Monday, January 03, 2005
1.) The Iraqi defense minister is starting to think it might be a good idea to hold off on those upcoming elections --
Militants continued their campaign to disrupt Iraqi elections yesterday, detonating a series of bombs and killing at least 16 people.-- and PM Iyad Allawi, who dodged a bomb attack on party HQ in Baghdad today, phones Mr. Bush to inform him that the cat is on the roof:
In a further setback to the elections planned to be held on 30 January, Hazim al-Shaalan, Iraq’s defence minister, said he favoured delaying the poll if Sunni Muslims were not planning to take part.
Mr Shaalan said Iraq was asking Egypt to intervene to try to persuade the Sunnis to vote.
"If there is any difficulty in them taking part, then the question of postponing them [the elections] for another period arises. That, I believe, is the safest and most proper way, so that all sectors and the full spectrum of Iraqi society can take part in elections on one day," he said.
Hours after a wave of bombing attacks that left at least 20 people dead on Monday, Prime Minister Ayad Allawi telephoned President Bush and discussed the many impediments still facing the country as it heads toward elections in 27 days, according to senior American officials familiar with the contents of the call.2.) In a miraculous turnabout, House Republicans decide that maybe, just maybe, the appearance of propriety does count for something after all:
The officials insisted that Dr. Allawi, Iraq's interim leader, did not tell Mr. Bush that the elections should be delayed, though his defense minister said in Cairo on Monday that the voting could be postponed to ensure greater participation by Sunnis. "There was no substantive conversation about delay," a senior administration official said. Dr. Allawi, the official said, "wasn't even a bit wobbly" on that point.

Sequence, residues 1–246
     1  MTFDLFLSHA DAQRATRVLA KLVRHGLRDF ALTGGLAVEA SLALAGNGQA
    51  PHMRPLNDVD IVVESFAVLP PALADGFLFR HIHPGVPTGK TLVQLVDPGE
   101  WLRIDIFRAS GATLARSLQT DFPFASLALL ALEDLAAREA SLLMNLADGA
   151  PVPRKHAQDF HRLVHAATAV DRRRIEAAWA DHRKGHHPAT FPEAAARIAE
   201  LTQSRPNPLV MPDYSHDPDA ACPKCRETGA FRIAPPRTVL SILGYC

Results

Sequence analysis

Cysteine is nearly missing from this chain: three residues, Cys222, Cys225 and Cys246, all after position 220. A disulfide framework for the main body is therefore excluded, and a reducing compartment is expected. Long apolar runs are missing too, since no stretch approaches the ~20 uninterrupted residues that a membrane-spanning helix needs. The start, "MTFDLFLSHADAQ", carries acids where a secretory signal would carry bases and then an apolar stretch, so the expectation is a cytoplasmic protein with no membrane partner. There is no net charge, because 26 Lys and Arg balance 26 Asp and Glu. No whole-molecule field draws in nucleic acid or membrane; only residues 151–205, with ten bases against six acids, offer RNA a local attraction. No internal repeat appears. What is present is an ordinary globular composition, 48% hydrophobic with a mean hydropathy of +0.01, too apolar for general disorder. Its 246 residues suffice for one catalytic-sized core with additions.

But some officials in Washington and in Iraq interpreted the telephone call as a sign that Dr. Allawi, who is clearly concerned his own party could be headed to defeat if the election is held on schedule, may be preparing the ground to make the case for delay to Mr. Bush.
House Republicans suddenly reversed course Monday, deciding to retain a tough standard for lawmaker discipline and reinstate a rule that would force Majority Leader Tom DeLay to step aside if indicted by a Texas grand jury . . . .
The surprise dual decisions on the indictment rule and the discipline standards were engineered by Speaker Dennis Hastert and by DeLay — who asked GOP colleagues to undo the extreme act of loyalty they handed him in November. Then, Republicans changed a party rule so DeLay could retain his leadership post if indicted by the grand jury in Austin that charged three of the Texas Republican's associates . . . .
Rep. Mark Kirk, R-Ill., said, "It's a mark of a leader to take a bullet for the team and not for the team to take a bullet for the leader. I'm very glad we decided to stick with the rules."
Brendan Daly, spokesman for House Democratic Leader Nancy Pelosi, said Republicans pulled back on the discipline rule because "the issue simply became too hot for them to handle" . . . .
Congressional watchdog groups joined House Democrats in opposition to a change, saying any such move would be for one purpose: to protect DeLay.
"All of this is designed to make one man truly above the law," said Melanie Sloan of Citizens for Responsibility and Ethics in Washington.
Tom Fitton, president of Judicial Watch, said, "Tom DeLay is a poster boy for ethics problems in the House."